Washington Capitals End Of Season Prospect Report (Defensemen)

By Jeff Charlesworth

In the latest installment of my look into the past, present and future of the Capitals’
prospects, I take on the daunting task of dissecting the defensemen.


Alexei Tezikov – Portland Pirates (AHL)

This was not the season that everyone expected for Alexei after showing so much promise at the
end of last year. He put up good numbers and proved that he can play in the big leagues, but was
blocked at the NHL level by a veteran defense corps. Making things worse was a broken foot that
caused him to miss the playoffs, which could have been a chance to showcase himself. Even though
he is still somewhat inexperienced, he is being counted on to play full time in Washington next
season. The Caps will make room for him as they badly want to establish another young defenseman
in DC.

Portland (AHL) 53 6 9 15 65 12
Washington (NHL) 23 1 1 2 2 -2

Ross Lupaschuk – Red Deer Rebels (WHL)

This has been an eventful season for Ross, as he has moved around a bit. He was invited to try
out for Canada’s National Junior Team, but was a late cut. He started the season playing in
Prince Albert but was traded to Red Deer mid-season in a blockbuster deal, giving him a chance
to be a number one defenseman. He flourished on the Rebels, finishing third in scoring and
leading the team in power play goals. There will be a temptation in Washington to promote him to
the NHL next season, but he is still very young and teenage defensemen should be treated

Pr.Albert/Red Deer (WHL) 68 21 35 56 158 17
WHL PLAYOFFS 4 0 1 1 10 -3

Nolan Baumgartner – Portland Pirates (AHL)

The Capitals may be starting to lose patience with Nolan, as he has been coming along very
slowly. By all accounts, he had a good season – leading Portland defensemen in points. He also
was recalled to the NHL for a total of eight games and played well. Nolan has been exposed in
the last two expansion and waiver drafts, but was not claimed. The Capitals would like to make
room for the next wave of blueline prospects and that may spell the end for Nolan. It doesn’t
seem he is ready for full-time NHL duty, but he could win the seventh defenseman job in DC.

Portland (AHL) 71 5 18 23 54 -3
Washington (NHL) 8 0 1 1 2 1
AHL PLAYOFFS 4 1 2 3 10 -4

Steve Shirreffs – Portland Pirates (AHL)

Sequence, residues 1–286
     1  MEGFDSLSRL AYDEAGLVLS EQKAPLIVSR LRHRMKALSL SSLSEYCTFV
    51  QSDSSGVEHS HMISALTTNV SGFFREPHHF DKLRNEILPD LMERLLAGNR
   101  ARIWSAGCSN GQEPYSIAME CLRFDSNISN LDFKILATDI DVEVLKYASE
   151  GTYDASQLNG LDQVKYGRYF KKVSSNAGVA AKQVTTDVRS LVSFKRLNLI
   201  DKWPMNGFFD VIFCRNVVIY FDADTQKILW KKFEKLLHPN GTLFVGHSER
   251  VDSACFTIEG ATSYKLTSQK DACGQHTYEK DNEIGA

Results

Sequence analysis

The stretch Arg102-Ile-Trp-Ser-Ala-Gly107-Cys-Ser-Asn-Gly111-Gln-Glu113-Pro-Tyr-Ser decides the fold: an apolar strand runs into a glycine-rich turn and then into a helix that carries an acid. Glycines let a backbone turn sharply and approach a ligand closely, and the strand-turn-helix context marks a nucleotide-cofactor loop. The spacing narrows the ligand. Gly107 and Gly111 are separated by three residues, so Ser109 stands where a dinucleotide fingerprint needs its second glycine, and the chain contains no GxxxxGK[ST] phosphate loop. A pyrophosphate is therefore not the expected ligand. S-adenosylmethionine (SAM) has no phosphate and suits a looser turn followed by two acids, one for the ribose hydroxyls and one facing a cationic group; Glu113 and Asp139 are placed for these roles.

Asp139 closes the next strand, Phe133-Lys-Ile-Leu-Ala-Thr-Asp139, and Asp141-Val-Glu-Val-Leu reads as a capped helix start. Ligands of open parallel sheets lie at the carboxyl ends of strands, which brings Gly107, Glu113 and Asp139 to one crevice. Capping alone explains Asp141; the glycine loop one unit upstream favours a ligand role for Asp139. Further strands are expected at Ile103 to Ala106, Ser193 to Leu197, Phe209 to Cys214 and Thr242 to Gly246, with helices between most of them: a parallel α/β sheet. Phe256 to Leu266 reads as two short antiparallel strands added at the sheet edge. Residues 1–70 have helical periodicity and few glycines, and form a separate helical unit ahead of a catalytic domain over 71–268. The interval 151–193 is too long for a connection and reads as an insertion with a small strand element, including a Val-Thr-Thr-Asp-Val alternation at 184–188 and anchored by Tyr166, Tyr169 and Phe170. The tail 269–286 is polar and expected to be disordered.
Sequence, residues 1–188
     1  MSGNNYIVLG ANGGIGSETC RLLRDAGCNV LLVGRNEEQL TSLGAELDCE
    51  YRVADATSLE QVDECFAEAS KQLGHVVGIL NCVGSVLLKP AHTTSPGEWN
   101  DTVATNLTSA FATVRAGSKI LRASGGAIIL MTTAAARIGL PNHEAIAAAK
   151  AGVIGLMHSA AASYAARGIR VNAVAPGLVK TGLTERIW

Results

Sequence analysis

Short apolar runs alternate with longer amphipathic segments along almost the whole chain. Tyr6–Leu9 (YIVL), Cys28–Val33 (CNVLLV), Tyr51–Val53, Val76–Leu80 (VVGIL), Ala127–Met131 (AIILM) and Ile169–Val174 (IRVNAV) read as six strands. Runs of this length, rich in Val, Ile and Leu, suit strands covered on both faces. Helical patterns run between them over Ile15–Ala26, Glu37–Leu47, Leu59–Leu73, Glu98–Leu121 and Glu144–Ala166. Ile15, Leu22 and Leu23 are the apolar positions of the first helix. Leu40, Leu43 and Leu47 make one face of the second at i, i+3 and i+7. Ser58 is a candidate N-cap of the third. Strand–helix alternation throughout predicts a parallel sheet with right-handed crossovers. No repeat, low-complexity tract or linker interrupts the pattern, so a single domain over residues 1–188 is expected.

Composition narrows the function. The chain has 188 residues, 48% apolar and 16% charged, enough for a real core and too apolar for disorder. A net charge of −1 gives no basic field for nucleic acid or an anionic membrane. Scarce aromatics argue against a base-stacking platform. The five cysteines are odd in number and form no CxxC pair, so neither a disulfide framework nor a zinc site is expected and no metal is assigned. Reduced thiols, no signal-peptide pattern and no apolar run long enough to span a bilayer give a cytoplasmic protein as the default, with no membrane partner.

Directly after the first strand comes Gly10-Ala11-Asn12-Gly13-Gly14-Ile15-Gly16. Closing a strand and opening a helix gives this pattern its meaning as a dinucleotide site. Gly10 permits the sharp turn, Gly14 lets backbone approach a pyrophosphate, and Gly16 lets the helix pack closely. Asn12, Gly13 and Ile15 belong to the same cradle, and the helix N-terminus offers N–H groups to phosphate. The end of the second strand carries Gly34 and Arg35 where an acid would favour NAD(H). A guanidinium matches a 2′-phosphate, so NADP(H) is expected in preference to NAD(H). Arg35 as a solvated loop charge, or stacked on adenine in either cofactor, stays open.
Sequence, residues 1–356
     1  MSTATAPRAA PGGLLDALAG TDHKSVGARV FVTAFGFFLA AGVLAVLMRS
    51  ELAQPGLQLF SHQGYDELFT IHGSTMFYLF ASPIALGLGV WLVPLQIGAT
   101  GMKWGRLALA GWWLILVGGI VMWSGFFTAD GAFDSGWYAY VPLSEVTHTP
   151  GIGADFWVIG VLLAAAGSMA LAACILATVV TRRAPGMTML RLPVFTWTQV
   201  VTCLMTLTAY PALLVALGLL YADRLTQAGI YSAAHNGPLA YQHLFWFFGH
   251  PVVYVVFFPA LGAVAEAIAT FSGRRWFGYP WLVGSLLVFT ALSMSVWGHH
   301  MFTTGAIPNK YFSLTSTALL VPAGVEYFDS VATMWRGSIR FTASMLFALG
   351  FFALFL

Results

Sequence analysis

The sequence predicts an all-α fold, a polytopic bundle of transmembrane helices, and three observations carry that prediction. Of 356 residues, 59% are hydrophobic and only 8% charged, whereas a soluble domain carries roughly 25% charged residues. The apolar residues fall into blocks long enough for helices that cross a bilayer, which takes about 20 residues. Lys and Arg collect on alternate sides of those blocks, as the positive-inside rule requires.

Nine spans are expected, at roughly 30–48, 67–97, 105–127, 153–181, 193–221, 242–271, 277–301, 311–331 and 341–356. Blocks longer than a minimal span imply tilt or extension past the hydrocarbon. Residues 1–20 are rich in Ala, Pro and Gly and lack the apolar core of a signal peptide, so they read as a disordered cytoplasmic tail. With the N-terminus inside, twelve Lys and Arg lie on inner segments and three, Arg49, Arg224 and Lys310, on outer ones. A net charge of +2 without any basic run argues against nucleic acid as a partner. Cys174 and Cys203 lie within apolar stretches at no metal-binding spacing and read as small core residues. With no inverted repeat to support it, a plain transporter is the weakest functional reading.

Steve had a very productive first season, and showed a lot of promise for the future. He
started the year in a small contract battle, but was in uniform for opening night. Although he
took some time to adjust to pro hockey, he never seriously struggled. Because of the depth of
Portland’s blueline, he spent a while in the ECHL. Steve also spent the post-season in Hampton
Roads, but as is the case with many players in their first year out of college, he was exhausted
and did not play his best hockey. Steve will play full-time in Portland next year and should be
one of their top four defensemen.

Portland (AHL) 44 3 5 8 14 4
Hampton Roads (ECHL) 14 3 3 6 8 2
ECHL PLAYOFFS 10 0 1 1 25 -3

Jean-Francois Fortin – Portland Pirates (AHL)

J.F. came into the season with high credentials, but struggled in his first pro year. He was
billed as the offensive defenseman of the future for the Capitals, and showed flashes of that
talent. He was another casualty of the numbers game in Portland, and spent some time in the
ECHL. By the end of the season, he had gained the confidence of the Pirates coaches, and was
getting more playing time. Fortin will be back in Portland next season, as he is not ready for
the NHL just yet. He should be one of their top four defenseman and get plenty of power play

Portland (AHL) 44 3 5 8 44 1
Hampton Roads (ECHL) 7 0 2 2 0 -1
AHL PLAYOFFS 2 0 0 0 0 -2

Nolan Yonkman – Kelowna Rockets (WHL)

Out of the “Top 5” draft picks of 1999, Nolan had the most difficult season. He played his
usual hard-nosed style, which is exactly what the Capitals expected of him. However, his Kelowna
Rockets were definitely a lower-tier team in the WHL, and his plus/minus suffered because of it.
Nolan assumed a leadership position on the Rockets with their captain graduating to the pros,
and played well. The Rockets made a quick exit from the playoffs, as was expected. He will be
back with the Rockets for at least next year, and his status will be evaluated at that point.

Kelowna (WHL) 71 5 7 12 153 -30
WHL PLAYOFFS 5 0 0 0 8 -2

Mike Siklenka – Hampton Roads Admirals (ECHL)

Mike had a difficult season as he switched back and forth from forward to defenseman. It seems
now he has settled in as a defenseman, but the whole experience seemed to have had an effect on
him. For the first part of the season, he struggled and his numbers were down. After the switch
back to defence, his play improved greatly. The Capitals knew that Mike was a project and signed